India and Australia have also pledged to move on towards completing the signing of a Comprehensive Economic Cooperation Agreement
India-Australia ties have always been on a good wicket, more so since Quad became a strategic alignment among the United States, Japan, India, and Australia six years ago. The ties have matured to a point that the Indian Prime Minister could convey, bluntly enough, that such ties cannot be allowed to be harmed by stray elements like Khalistani sympathisers who were behind the vandalism perpetrated recently on temples and community centres in Australia.
The problem of separatist elements using democratic rights of protest and demonstration for the romantic notion of a Khalistani nation may have been there for a while. In fact, it surfaced 31 years ago when India and Pakistan met for the first ever time in a World Cup cricket match and members of the International Sikh Youth Federation marched around the Sydney Cricket Ground, wearing orange turbans and letting everyone know they were supporting Pakistan.
The police force kept a close watch on them, but the spectators, made up of people from both nations, were too absorbed in the cricket to pay them too much attention. Members of the Indian diaspora, comprising mostly professionals in doctors and engineers from the early days of Australian migration and who have grown several folds to over a million now, have been model ambassadors for India who have also done well for themselves in Australia’s melting pot of cultures.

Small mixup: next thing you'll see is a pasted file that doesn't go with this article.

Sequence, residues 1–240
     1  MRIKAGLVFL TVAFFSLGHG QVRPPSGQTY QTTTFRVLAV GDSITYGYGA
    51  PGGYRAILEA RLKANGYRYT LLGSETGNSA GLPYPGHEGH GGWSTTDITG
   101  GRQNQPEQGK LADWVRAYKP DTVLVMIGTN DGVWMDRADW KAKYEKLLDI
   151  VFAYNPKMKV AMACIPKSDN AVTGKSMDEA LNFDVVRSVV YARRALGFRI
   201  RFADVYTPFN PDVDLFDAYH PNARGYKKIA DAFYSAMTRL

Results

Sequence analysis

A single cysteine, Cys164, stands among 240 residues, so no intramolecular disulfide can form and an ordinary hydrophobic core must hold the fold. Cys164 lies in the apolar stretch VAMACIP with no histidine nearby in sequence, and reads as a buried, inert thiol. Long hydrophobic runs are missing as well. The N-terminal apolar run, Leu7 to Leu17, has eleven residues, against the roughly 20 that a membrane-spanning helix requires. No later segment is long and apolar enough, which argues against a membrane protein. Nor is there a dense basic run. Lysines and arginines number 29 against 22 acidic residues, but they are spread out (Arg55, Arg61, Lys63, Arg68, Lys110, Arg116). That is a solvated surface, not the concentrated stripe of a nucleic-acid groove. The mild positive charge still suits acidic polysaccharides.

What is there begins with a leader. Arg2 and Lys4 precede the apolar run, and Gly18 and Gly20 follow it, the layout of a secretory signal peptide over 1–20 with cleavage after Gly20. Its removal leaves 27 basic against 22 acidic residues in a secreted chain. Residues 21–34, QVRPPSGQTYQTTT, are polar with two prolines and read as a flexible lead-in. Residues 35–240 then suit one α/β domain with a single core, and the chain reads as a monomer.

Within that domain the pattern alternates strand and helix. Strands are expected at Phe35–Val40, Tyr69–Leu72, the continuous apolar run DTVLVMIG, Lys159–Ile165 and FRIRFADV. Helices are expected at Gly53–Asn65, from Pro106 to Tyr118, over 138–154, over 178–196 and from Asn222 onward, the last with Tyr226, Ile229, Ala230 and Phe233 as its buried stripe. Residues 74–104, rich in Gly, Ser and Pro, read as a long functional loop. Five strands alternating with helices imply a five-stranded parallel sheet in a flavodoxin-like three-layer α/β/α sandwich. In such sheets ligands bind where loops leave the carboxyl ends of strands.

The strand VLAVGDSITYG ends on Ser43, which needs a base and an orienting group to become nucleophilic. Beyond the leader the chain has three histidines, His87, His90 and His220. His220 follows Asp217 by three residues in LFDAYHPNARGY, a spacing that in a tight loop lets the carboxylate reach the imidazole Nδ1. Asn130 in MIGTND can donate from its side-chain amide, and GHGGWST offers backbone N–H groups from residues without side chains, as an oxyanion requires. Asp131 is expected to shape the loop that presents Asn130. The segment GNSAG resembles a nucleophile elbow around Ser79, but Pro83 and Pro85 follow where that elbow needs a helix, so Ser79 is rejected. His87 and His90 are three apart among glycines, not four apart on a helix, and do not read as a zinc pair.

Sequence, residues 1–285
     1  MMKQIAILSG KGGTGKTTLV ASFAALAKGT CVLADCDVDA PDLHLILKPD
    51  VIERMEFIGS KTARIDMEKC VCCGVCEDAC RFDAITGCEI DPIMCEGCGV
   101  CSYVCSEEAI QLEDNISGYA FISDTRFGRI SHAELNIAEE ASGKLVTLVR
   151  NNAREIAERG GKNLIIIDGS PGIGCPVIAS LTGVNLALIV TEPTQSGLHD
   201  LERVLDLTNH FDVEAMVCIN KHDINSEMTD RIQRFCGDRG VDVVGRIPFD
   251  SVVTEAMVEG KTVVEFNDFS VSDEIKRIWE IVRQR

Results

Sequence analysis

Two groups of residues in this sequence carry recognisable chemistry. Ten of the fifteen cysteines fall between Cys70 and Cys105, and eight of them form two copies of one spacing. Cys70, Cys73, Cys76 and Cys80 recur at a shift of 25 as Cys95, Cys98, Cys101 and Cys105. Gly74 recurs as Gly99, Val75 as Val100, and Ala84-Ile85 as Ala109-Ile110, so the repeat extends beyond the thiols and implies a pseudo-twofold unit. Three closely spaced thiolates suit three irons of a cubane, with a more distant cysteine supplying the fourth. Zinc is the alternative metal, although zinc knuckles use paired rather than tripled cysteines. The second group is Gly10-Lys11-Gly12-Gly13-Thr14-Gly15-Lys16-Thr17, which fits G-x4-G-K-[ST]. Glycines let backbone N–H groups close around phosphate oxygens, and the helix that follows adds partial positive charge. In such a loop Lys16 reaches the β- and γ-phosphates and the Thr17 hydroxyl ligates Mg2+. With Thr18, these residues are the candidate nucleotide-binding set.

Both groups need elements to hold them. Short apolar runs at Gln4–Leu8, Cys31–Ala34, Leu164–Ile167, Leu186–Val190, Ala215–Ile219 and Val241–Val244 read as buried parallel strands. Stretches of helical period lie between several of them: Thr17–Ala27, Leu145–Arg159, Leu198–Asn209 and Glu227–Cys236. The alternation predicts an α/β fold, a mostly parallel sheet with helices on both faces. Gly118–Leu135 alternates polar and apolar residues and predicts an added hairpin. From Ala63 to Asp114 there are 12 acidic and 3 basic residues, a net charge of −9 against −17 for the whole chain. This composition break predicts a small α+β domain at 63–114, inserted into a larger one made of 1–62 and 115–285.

A spurt of anti-India activity has sprung up again as evidenced in the string of attacks of vandalism and a bit of violence, the subject of which was brought up by Mr Narendra Modi who was one Quad leader to keep his prearranged appointment with Australia after a planned Quad meeting in Sydney was advanced and held in Hiroshima, Japan to accommodate Mr Joe Biden’s preoccupation with the US debt ceiling.
The Indian Prime Minister’s visit Down Under after 10 years and the event to commemorate it with the renaming of the Harris Park in Paramatta as “Little India” is not to be gauged in whether the 18,000-seater Qudos Bank arena was sold out or not. The warmth of the bilateral meetings and the depth of ties were proved in the tone and tenor of Australian Prime Minister Anthony Albanese’s responses to the points Mr Modi made in his speeches and in the formal exchanges.
The special relationship, on since 2012 when the Australian government of the day decided to sell uranium despite India not being a signatory to the Nuclear Non-Proliferation Treaty and a limited amount of the mineral was indeed sold to India in 2017, took off to a much higher plane in 2021 when Quad took real shape. The partnership can only gain strength after the signing of agreements to put into effect Migration and Mobility to promote exchanges in education, research and business and making final the terms of reference for a joint Green Hydrogen task force.
India and Australia have also pledged to move on towards completing the signing of a Comprehensive Economic Cooperation Agreement before the end of the year, besides opening of consulates by India and Australia in Sydney and Bengaluru, respectively. Australia may have had four Prime Ministers — Tony Abbott, Malcolm Turnbull, Scott Morrison, and Antony Albanese — during Mr Modi’s nine years in office as PM of India, but ties have grown exponentially in that time despite minor glitches in student visas and the actions of separatist elements though the Khalistani sympathisers are Australian citizens now.